Four Ways to Earn Money From Your Livestream

Gates might be closed this fall. Here’s how to deliv­er a mem­o­rable fan expe­ri­ence using livestreams — and make mon­ey doing it.

Four Ways to Earn Money From Your Livestream

Gates might be closed this fall. Here’s how to deliv­er a mem­o­rable fan expe­ri­ence using livestreams — and make mon­ey doing it.

No one knows what the fall sports sea­son will look like. Will friends and fam­i­ly be able to attend games? How will this affect gate sales? While there’s no sin­gle solu­tion to replace the fan expe­ri­ence, livestream­ing can help. And if you get cre­ative with spon­sor­ships, online mar­ket­ing or charg­ing a fee for views, you can make mon­ey off your streams.


The extra fund­ing that comes from the spon­sor­ship of a local busi­ness can go a long way in giv­ing your stu­dent-ath­letes the best pos­si­ble resources and mak­ing up for lost rev­enue. Here are a few ways to high­light spon­sors on your web­site and livestreams.

Location, location, location

Find place­ments that will deliv­er val­ue to your spon­sors and ensure their logos are being seen by view­ers. If you have a Hudl Focus cam­era, con­sid­er putting a few of your biggest con­trib­u­tors direct­ly below the score­board since it’s includ­ed on the livestream view at all times. And take advan­tage of those emp­ty stands — place as many logos as you can in the bleach­ers direct­ly across from the cam­era. You could also work with your local print shop to source larg­er vinyl ban­ners for high-pay­ing sponsors.

Broadcast advertising

Advertising dur­ing your live broad­cast is anoth­er way for busi­ness­es to get their name out there. There’s plen­ty of time to announce, adver­tise and thank spon­sors before and after the game and dur­ing long breaks. Or break it up and have busi­ness­es spon­sor entire quar­ters or sets in a vol­ley­ball match.

Individual sponsorships

Leverage com­mu­ni­ty ties by task­ing each play­er with find­ing a busi­ness to spon­sor them indi­vid­u­al­ly. Then, put the logos on each ath­letes’ ros­ter page on your web­site and announce their spon­sor dur­ing intro­duc­tions before the game. This is an easy way to crowd­source fund­ing and encour­age your ath­letes to engage with your pro­gram and their local com­mu­ni­ty. Sounds like a win-win.

Online Marketing

If you’re not using social media for your ath­let­ic depart­ment, you should be. It’s a great way to pump up play­ers and keep fans in the know. But you can also use it to gen­er­ate rev­enue and grow part­ner­ships with exist­ing sponsors.

Sponsored posts

Have a lofty fol­low­ing already? This is a sim­ple way to bring in some cash. Post a week­ly sched­ule, game recaps or MVP shoutouts, then have a busi­ness spon­sor each of these posts by putting their logo in the graph­ic or adding a men­tion at the end.

Email newsletters

Newsletters are a pow­er­ful, per­son­al­ized way to deliv­er the right mes­sage to your fans at the right time. Consider send­ing out a week­ly email to sub­scribers let­ting them know about upcom­ing livestreams, game recaps and your sponsors.


We’re all going to miss the stu­dent sec­tion chants, and ath­letes are def­i­nite­ly going to miss com­pet­ing for a crowd. So take some of that com­pet­i­tive­ness dig­i­tal. Post a poll on Twitter or Facebook ask­ing fol­low­ers to vote for who they think will win a matchup. You could even have a busi­ness spon­sor the poll, set a dol­lar amount and have them donate it to the win­ning team.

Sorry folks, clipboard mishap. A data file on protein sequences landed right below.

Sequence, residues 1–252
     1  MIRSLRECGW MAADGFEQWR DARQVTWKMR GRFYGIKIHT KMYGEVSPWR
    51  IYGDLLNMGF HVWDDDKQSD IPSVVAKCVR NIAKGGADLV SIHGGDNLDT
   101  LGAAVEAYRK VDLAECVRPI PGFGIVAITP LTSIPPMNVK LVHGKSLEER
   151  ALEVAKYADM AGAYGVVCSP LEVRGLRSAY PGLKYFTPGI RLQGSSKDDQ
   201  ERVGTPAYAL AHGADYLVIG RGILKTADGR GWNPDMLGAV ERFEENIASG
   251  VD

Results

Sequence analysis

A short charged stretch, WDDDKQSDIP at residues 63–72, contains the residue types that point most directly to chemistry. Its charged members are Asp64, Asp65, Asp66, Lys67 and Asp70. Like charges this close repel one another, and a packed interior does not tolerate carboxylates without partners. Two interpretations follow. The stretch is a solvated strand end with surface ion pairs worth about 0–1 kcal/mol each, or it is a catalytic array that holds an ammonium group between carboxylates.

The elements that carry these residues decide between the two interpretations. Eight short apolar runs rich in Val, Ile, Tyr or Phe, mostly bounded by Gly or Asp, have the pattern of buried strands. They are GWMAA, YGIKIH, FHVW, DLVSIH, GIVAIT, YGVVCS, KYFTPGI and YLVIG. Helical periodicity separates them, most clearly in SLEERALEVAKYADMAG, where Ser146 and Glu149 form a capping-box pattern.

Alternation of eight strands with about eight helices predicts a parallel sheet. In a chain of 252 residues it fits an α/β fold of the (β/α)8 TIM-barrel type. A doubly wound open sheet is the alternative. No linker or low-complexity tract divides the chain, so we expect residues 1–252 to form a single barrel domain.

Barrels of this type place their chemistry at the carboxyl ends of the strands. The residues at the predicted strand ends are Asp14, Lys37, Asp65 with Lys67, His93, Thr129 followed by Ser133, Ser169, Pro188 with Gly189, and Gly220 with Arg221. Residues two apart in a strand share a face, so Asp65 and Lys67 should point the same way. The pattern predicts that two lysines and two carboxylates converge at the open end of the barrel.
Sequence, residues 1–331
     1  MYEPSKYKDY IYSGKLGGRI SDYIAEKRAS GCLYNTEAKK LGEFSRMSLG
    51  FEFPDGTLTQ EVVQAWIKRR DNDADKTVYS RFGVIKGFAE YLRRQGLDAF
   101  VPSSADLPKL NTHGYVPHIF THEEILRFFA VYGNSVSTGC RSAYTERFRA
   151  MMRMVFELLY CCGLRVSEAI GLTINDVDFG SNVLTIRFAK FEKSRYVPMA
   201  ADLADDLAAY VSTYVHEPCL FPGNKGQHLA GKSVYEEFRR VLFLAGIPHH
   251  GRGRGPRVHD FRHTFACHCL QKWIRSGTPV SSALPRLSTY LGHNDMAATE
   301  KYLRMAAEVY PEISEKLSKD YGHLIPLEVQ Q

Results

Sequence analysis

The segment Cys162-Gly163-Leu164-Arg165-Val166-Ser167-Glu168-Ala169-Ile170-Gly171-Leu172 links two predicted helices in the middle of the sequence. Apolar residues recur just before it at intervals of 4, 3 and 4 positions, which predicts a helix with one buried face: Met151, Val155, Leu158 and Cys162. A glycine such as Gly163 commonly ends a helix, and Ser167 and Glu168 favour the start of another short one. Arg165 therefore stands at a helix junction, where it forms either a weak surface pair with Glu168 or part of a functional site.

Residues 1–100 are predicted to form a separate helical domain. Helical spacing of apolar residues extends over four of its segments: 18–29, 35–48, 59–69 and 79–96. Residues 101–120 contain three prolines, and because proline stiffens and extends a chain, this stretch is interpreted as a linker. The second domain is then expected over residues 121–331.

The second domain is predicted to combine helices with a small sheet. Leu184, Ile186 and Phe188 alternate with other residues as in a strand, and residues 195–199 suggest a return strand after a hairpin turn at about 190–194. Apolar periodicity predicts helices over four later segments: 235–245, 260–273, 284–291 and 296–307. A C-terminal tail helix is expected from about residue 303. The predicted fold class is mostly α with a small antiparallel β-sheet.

Charge Viewers

One of the eas­i­est ways to make mon­ey off your livestream is to charge view­ers to watch. 

Season passes

When you stream to YouTube using Hudl Focus, a YouTube chan­nel is cre­at­ed for your ath­let­ic depart­ment. If fans want to become sea­son tick­et hold­ers, they can pay your depart­ment a one time fee to access your channel’s link and tune in to any event through­out the season.

Single-game tickets

Some matchups will draw big­ger crowds than oth­ers. And Great Uncle Jim might not need (or want) to watch every foot­ball game, so it’s a good idea to offer a sin­gle-game option too. When your coach­es start a new livestream, a unique URL will be cre­at­ed for that game. So once the game starts, just send the link to peo­ple who paid for it.

Sponsored livestreams

If it’s not fea­si­ble to sell pass­es and tick­ets, see if a local busi­ness will spon­sor your livestreams for the sea­son. Putting their name out there dur­ing every sport­ing event this fall will broad­en the audi­ence and increase brand aware­ness for the sponsor.

Video Hub

Consider cre­at­ing a web­site to house your YouTube chan­nel link, the embed code for live games, and on-demand record­ings. This is an easy way to put every­thing in one place and charge fans for access just once. (Plus, you don’t need a design or pro­gram­ming degree to use the plat­forms below.)

Google Sites

If your dis­trict uses Google, cre­ate a free Google Site. Templates make it easy to get start­ed and you can cus­tomize your page using back­ground images, thumb­nail graph­ics and text.


Not a Google dis­trict? Use Wix to cre­ate a free web­page. Similar to Google Sites, it’s easy to cre­ate and cus­tomize a land­ing page that can house all your livestream infor­ma­tion, plus your MVP and game recap content.

There’s a lot of uncer­tain­ty around this fall. But now’s the per­fect time to plan for how you’ll boost your depart­ment, pro­mote your pro­grams, and pro­vide a safe and engag­ing envi­ron­ment for fans. Check out our livestream­ing guide to learn more about broad­cast­ing tech­nol­o­gy, then get in touch to find the solu­tion that’s best for your school.